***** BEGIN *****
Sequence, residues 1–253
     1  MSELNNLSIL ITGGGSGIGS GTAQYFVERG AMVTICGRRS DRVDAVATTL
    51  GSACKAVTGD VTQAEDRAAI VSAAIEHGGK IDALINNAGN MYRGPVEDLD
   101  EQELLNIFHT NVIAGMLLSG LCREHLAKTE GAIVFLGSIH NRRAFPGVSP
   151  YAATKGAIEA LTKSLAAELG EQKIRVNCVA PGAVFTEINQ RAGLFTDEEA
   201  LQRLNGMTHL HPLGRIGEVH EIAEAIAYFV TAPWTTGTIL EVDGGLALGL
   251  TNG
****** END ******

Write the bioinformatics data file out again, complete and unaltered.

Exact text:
Sequence, residues 1–253
     1  MSELNNLSIL ITGGGSGIGS GTAQYFVERG AMVTICGRRS DRVDAVATTL
    51  GSACKAVTGD VTQAEDRAAI VSAAIEHGGK IDALINNAGN MYRGPVEDLD
   101  EQELLNIFHT NVIAGMLLSG LCREHLAKTE GAIVFLGSIH NRRAFPGVSP
   151  YAATKGAIEA LTKSLAAELG EQKIRVNCVA PGAVFTEINQ RAGLFTDEEA
   201  LQRLNGMTHL HPLGRIGEVH EIAEAIAYFV TAPWTTGTIL EVDGGLALGL
   251  TNG